There are definitely some foods out there that just don't seem like they could be replicated in your home kitchen, and marshmallows are one of them. What a weird and bizarre food they are! Sweet, soft, squishy, and powdery — it's what I imagined clouds to taste like when I was younger.
But truth be told, I don't even like marshmallows. Why bother making them at home? Could a homemade version really be that much better than the store-bought kind? I wasn't convinced, but after flipping through several baking cookbooks with marshmallow recipes, my curiosity began to grow. Because here's the truth: there are some recipes on this blog that I make because I truly enjoy the food; there are others that I make for the challenge of it. This is one of those recipes. Because not only did I want to make marshmallows, I wanted to make flavored marshmallows. I really don't know how, but somehow I'd gotten stuck on the idea of a rhubarb marshmallow. Doesn't that just sound awesome and friggin' tasty?
So after searching the internet for rhubarb marshmallows and failing find any recipes, I decided to take matters into my own hands. Using Miette's vanilla marshmallow recipe as a base, I subbed out the recipe's corn syrup for some homemade rhubarb simple syrup. A ballsy move, considering I had never made marshmallows before and feared that corn syrup and rhubarb syrup were too dissimilar to produce the same results.
So how did it fare?
I'm not going to lie — at first I was a little bit skeptical of my creation. First of all, homemade marshmallows don't look like the pretty, uniformed little cylinders that you get in plastic bags at supermarkets. As you can see from the picture above, my marshmallows were cut in odd-shaped, disparate squares.
Also, quick side note for food photographers — it's REALLY hard to take good pictures of homemade marshmallows and just make them look attractive in general. Just FYI. I hate my pictures. There, I said it.
Homemade Rhubarb Marshmallows
- a fine mesh strainer
- a candy thermometer with a clip
- a 9 x 13-inch baking pan (similar to this Wilson pan)
(makes 1/2 cup)
- 4 cups fresh rhubarb, cut into 1-inch pieces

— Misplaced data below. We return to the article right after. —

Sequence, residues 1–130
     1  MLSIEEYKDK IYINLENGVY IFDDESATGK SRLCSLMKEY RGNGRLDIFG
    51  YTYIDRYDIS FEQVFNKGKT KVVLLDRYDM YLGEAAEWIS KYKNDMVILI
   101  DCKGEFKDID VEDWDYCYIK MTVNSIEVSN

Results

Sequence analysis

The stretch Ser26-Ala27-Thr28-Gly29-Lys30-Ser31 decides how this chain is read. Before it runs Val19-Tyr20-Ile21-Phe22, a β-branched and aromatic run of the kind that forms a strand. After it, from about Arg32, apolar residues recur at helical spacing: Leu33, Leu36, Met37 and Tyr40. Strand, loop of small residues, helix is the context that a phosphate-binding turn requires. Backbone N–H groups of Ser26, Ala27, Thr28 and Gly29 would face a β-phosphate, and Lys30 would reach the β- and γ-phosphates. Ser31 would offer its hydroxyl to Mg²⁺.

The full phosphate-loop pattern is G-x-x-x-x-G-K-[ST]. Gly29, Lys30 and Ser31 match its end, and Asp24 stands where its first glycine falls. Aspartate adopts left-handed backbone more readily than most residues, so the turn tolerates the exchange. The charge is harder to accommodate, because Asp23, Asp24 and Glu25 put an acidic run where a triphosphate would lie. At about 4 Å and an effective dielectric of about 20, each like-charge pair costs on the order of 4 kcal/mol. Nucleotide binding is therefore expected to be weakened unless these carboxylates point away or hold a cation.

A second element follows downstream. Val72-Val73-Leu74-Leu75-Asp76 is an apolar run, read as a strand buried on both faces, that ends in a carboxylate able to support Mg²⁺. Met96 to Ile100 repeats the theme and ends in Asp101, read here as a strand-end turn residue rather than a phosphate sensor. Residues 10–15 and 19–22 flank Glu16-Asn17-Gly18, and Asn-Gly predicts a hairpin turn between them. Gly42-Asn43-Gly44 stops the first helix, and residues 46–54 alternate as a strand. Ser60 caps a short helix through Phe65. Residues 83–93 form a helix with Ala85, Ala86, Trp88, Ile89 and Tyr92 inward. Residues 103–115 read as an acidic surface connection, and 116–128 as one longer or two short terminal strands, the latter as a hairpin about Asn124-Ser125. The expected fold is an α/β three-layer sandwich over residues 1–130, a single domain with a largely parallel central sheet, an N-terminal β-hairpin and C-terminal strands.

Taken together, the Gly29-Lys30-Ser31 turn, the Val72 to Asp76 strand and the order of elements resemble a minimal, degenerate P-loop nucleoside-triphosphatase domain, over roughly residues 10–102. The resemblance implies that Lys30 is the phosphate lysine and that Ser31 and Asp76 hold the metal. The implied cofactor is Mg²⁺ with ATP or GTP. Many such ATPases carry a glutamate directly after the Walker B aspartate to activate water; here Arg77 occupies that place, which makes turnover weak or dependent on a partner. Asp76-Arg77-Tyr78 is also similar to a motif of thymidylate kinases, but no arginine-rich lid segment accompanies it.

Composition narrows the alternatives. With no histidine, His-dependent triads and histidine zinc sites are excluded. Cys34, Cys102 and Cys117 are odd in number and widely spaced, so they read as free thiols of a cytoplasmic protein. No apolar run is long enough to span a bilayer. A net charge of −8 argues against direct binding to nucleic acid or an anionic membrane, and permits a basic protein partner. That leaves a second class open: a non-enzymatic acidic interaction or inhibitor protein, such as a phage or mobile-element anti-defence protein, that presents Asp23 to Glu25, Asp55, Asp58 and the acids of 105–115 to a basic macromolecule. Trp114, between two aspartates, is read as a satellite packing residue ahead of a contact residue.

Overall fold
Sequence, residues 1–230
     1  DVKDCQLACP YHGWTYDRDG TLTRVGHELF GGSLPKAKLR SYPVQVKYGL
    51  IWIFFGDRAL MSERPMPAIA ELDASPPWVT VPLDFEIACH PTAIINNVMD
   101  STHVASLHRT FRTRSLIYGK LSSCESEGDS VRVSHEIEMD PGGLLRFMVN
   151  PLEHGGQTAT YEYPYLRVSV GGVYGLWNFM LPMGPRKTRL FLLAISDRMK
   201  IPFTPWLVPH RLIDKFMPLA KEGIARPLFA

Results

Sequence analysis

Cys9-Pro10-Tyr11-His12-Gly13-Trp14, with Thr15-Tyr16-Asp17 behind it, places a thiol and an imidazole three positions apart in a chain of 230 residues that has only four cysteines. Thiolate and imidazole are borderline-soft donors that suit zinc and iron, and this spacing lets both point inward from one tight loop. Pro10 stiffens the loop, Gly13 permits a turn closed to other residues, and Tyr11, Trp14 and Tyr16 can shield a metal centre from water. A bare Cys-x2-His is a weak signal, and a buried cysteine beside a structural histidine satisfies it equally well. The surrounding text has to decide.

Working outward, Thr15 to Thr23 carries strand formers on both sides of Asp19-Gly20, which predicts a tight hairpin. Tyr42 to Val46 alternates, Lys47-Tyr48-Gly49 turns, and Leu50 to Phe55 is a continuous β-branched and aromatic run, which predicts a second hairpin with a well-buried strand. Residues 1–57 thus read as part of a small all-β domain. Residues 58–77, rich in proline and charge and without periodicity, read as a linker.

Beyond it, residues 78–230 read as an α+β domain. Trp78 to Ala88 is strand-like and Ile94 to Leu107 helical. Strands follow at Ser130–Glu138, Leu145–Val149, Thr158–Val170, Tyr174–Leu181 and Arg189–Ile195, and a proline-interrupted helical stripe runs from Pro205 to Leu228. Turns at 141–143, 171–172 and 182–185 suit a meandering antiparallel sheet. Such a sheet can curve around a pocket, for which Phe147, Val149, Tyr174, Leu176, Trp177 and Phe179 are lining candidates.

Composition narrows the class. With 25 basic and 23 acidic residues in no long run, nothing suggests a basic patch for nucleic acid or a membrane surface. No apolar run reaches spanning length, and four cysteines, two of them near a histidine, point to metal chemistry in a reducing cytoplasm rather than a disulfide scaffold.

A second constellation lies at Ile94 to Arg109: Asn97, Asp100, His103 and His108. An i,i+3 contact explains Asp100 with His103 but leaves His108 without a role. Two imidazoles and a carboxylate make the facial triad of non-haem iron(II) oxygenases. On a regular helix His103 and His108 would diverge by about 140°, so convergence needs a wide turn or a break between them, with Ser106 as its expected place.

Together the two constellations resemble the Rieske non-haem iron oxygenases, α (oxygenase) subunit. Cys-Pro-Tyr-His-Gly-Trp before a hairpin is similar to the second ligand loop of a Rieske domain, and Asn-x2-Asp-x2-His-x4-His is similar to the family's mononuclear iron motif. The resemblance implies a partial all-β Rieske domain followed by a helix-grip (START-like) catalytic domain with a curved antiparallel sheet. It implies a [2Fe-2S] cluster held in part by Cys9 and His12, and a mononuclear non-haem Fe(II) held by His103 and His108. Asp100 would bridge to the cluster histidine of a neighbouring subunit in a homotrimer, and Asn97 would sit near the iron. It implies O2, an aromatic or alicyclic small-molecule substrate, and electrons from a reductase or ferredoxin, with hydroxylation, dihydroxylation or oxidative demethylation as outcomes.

- 1 cup water
- 1 cup sugar
(makes around 48 one-and-a-half inch square marshmallows)
- 1/2 cup cornstarch
- 1/2 cup powdered sugar, sifted
- 3 tablespoons plus 2 teaspoons (1 oz. or 4 packets) unflavored gelatin power
- 1/3 cup plus 1/2 cup water, separated
- 2 cups granulated sugar
- 1/2 cup rhubarb syrup (from the rhubarb syrup recipe above)
- 3 large egg whites
- 1/2 tablespoon vanilla extract
- 1/4 teaspoon kosher salt
- a pinch of cream of tartar
- Combine 4 cups fresh rhubarb, 1 cup water, and 1 cup granulated sugar in a heavy-bottomed sauce pan and bring to a boil. Lower the heat to a simmer and cook gently until the fruit is soft and the liquid has thickened, about 40 minutes. You want a really thick liquid here with the consistency of a soup or corn syrup.
- Once the mixture has reached the consistency of a thick soup/corn syrup, ladle into a fine, mesh strainer (or a coarse strainer lined with cheesecloth) placed over a large, heatproof bowl. Strain until most of the liquid is in the bowl. Give a little press on the solids with a spoon to extract more syrup. You should have about 1/2 cup of syrup. Set aside and allow to cool to room temperature.
- Prepare a 9 x 13-inch baking pan by lightly coating with cooking spray. In a small bowl, whisk together 1/2 cup cornstarch and 1/2 cup powdered sugar. Dust the bottom and sides of the pan with the cornstarch mixture (it helps to use a pastry brush). Tap off the excess and reserve.
- In a small bowl, sprinkle 3 tablespoons plus 2 teaspoons (or, 1 oz.) unflavored gelatin over the surface of 1/3 cup water. Whisk together briefly, and set aside to soften.
- In a medium saucepan, combine 2 cups granulated sugar, 1/2 cup rhubarb syrup (from the recipe above), and 1/2 cup water. Clip a candy thermometer to the side of the pan, and over medium-low heat, cook the mixture to 246 (F). As the mixture approaches 246 (F), it will start to creep up the sides of the pan — simply whisk or remove from heat for a few seconds to prevent the mixture from boiling over.
- Meanwhile, in the bowl of a stand mixer fitted with a whisk attachment, combine 3 egg whites, 1/2 tablespoon vanilla extract, 1/4 teaspoon kosher salt, and a pinch of cream of tartar. When the syrup (from the third step) reaches 230 (F), start to whisk the egg white mixture in the mixer's lowest speed.
- Once the syrup mixture reaches 246 (F), immediately remove the syrup from heat and whisk in the softened gelatin (from the second step) until no lumps remain. Pour the syrup through a fine-mesh sieve over a heatproof bowl or large liquid measuring cup.
- With the mixer still on low speed, pour in a small amount of syrup away from the whisk so that the hot syrup doesn't splash. Continue to add the syrup in a thin stream; when all the syrup has been added, raise the speed to medium-high. Continue to whisk until the meringue has cooled to room temperature and stiff peaks form — this should take about 15 to 20 minutes, depending on your mixer.
- Once stiff peaks have formed in your meringue, use a rubber spatula to scrape the meringue out into your prepared 9 x 13-inch baking pan and smooth the top. Let rest for an hour uncovered, before covering the pan and allowing the marshmallows to set for approximately 6 hours.
- Once the marshmallows have set, invert the slab onto a cutting board dusted lightly with the remaining cornstarch and powdered sugar mixture (from the first step). Use a lightly oiled serrated knife to cut the marshmallows into 1 1/2-inch squares Dust the cut edges with the remaining cornstarch mixture and store in an airtight container or bag for up to 5 days.